The 21th Session of the United Nations Human Rights Council has adopted a resolution calling for "States to promote a safe and enabling environment for journalists to perform their work independently and without undue interference".
Jim Boumelha, president of the International Federation of Journalists (IFJ) said: "The resolution is a tremendous boost to our global campaign for the protection of journalists and we commend states which tabled and supported it, but states must now show their good faith by implementing in earnest the resolution and not leave it to gather dust on shelves in the halls of UN offices in Geneva."
The resolution, which was tabled by the delegations of Austria, Brazil, Morocco, Switzerland and Tunisia and garnered support of over 60 other delegations, was adopted without a vote on Wednesday.
The Human Rights' Council's resolution requests states to take the necessary steps to promote the safety of journalists. These include "legislative measures, awareness-raising in the judiciary, law enforcement officers and military personnel, as well as journalists and civil society, regarding international human rights and humanitarian law obligations and commitments relating to the safety of journalists, the monitoring and reporting of attacks against journalists, publicly condemning attack and dedicating necessary resources to investigate and prosecute such attacks."
States are also encouraged to introduce "protection programmes, based on local needs and challenges, including protection measures that take into account the individual circumstances of the persons at risk, as well as, where applicable, the good practices in different countries".
The resolution called for better cooperation and coordination at the regional and international levels between in promoting the safety of journalists: "United Nations agencies, funds and programmes, other international and regional organizations, Member States and all relevant stakeholders, when applicable and in the scope of their mandates, to cooperate further in the implementation of the United Nations Plan of Action on the Safety of Journalists and the Issue of Impunity, elaborated by the United Nations Educational, Scientific and Cultural Organization and endorsed by the United Nations System Chief Executives Board for Coordination."
The Council also requests the Office of the High Commissioner for Human Rights, working with the Special Rapporteur on the protection and promotion of the right to freedom of expression to prepare a report on the good practices "in the protection of journalists, the prevention of attacks and the fight against impunity for attacks committed against journalists." States and other relevant stakeholders will contribute to the report which will be presented to the 24th Session of the UN Human Rights Council.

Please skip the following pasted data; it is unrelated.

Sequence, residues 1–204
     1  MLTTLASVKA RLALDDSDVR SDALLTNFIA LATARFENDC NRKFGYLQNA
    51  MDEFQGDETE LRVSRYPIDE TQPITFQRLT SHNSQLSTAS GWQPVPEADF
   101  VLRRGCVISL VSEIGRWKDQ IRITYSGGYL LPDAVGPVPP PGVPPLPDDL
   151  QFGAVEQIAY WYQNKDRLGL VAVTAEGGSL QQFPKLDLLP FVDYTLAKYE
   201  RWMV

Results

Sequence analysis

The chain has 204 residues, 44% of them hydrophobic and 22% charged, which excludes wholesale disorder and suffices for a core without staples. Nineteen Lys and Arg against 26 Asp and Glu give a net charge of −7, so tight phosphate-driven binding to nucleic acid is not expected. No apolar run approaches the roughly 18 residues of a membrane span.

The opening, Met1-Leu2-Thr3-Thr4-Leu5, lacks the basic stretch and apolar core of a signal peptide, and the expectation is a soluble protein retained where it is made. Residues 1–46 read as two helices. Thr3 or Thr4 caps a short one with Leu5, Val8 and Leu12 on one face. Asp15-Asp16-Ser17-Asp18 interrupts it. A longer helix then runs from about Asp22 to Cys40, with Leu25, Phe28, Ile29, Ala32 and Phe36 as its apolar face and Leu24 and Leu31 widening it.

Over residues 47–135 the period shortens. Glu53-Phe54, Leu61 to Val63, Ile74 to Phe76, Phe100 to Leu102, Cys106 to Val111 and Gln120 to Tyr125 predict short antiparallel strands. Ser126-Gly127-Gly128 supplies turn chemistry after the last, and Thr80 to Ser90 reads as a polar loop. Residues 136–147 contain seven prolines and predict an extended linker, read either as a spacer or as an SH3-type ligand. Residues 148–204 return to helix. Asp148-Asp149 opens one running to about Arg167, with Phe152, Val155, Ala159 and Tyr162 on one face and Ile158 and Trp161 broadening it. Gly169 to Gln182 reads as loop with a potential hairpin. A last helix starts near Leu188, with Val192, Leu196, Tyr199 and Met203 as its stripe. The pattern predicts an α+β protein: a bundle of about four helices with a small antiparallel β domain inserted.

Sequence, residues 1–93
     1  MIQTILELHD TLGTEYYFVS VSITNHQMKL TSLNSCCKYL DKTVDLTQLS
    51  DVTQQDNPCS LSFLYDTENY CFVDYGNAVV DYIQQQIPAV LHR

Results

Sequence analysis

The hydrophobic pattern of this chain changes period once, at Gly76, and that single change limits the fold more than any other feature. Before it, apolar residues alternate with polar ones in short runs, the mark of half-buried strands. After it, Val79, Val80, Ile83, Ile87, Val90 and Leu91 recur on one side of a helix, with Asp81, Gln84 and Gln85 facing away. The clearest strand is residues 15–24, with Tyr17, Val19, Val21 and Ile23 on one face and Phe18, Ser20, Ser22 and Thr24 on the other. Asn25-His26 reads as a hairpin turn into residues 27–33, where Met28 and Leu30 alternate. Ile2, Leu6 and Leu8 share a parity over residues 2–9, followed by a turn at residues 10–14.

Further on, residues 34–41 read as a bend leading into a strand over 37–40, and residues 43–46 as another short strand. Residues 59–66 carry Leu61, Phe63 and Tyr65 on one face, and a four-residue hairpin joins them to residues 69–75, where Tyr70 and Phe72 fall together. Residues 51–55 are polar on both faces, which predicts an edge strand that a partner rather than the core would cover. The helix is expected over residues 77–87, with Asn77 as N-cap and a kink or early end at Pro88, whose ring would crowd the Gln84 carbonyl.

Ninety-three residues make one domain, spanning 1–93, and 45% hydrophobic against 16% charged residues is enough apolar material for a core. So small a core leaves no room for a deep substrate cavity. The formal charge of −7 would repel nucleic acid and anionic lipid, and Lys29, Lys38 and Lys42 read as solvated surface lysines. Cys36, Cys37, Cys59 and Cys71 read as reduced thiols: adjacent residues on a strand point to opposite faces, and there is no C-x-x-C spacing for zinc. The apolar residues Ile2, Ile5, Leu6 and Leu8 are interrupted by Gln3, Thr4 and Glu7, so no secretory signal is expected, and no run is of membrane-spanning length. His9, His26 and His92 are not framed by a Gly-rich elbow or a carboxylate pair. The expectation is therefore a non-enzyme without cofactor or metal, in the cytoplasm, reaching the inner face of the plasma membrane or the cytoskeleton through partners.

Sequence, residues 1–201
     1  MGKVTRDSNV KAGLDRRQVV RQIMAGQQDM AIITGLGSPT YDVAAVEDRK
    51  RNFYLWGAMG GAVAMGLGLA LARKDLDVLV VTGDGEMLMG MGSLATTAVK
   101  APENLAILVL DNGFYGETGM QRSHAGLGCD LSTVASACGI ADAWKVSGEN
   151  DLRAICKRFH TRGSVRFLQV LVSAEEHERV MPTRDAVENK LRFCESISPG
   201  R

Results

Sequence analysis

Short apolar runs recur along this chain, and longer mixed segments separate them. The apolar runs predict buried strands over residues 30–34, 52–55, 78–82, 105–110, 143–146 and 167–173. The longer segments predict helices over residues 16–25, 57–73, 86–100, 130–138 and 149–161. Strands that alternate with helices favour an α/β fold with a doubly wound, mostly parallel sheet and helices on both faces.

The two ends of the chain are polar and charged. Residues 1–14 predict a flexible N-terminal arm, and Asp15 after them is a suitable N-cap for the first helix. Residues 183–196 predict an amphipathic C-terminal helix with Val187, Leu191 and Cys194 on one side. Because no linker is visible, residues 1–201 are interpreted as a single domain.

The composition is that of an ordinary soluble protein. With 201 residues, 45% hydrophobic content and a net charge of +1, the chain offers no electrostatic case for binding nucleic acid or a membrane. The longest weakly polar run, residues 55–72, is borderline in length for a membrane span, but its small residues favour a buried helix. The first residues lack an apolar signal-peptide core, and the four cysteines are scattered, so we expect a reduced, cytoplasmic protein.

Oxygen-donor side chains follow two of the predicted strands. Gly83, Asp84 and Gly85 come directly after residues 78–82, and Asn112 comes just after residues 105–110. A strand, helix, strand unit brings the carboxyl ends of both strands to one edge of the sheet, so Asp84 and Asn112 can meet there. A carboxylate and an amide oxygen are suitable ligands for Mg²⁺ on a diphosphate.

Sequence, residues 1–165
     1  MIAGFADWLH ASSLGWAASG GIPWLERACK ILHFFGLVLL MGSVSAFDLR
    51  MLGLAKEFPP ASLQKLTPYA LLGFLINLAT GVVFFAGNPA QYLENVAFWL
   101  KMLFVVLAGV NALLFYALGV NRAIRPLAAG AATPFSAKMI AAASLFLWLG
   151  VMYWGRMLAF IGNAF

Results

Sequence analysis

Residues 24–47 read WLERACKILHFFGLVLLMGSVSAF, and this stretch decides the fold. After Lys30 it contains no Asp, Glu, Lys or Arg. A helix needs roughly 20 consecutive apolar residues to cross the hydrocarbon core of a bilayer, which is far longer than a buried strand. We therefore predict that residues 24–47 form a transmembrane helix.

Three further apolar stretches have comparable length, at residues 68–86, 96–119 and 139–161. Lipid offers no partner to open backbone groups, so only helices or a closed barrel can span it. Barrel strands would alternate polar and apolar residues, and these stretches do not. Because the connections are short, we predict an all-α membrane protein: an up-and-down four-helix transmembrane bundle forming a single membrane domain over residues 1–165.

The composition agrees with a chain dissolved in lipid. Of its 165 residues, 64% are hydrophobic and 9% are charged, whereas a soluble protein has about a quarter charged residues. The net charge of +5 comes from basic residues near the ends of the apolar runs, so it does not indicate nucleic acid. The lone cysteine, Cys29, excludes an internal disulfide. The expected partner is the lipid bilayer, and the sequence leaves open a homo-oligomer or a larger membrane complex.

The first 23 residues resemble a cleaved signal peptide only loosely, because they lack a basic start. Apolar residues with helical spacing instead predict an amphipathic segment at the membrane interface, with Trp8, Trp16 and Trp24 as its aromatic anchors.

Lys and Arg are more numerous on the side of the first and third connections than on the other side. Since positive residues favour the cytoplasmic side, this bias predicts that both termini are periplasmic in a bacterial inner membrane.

The IFJ, which is spearheading the campaign to promote the protection journalists around the world, cautions against putting a lot of emphasis on the number of legal instruments, declarations and resolutions which are not implemented. In a recent meeting at the UN General Assembly in New York, IFJ President said that "The killing of journalists continues to increase worldwide despite the plethora of international instruments, international human rights laws, universal human rights laws, covenants, declarations and resolutions which are simply ignored by many governments."
The resolution was adopted in a week where the President of the African Federation of Journalists (FAJ), Omar Faruk Osman and the IFJ Human Rights Officer, Ernest Sagaga, briefed a meeting of African ambassadors in Geneva on the campaign for the safety of journalists in Africa.
"We welcome the crucial support of the African diplomats for this resolution," said FAJ President, Omar Faruk Osman. "It represents a springboard towards securing a binding resolution by the forthcoming African Union Summit on the safety of journalists on the continent."